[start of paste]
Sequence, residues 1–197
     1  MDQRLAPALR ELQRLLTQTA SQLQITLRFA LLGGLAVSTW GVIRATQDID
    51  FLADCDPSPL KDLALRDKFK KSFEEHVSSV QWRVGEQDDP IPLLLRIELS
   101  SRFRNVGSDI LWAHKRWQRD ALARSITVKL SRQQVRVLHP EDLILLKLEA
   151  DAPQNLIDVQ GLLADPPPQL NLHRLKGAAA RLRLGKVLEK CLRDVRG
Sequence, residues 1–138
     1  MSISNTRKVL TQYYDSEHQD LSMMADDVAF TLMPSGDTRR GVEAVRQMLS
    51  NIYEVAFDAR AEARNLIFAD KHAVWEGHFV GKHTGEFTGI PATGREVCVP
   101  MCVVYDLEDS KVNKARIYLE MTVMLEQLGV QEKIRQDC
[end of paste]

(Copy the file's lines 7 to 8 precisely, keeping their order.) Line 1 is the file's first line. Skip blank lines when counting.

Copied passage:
     1  MSISNTRKVL TQYYDSEHQD LSMMADDVAF TLMPSGDTRR GVEAVRQMLS
    51  NIYEVAFDAR AEARNLIFAD KHAVWEGHFV GKHTGEFTGI PATGREVCVP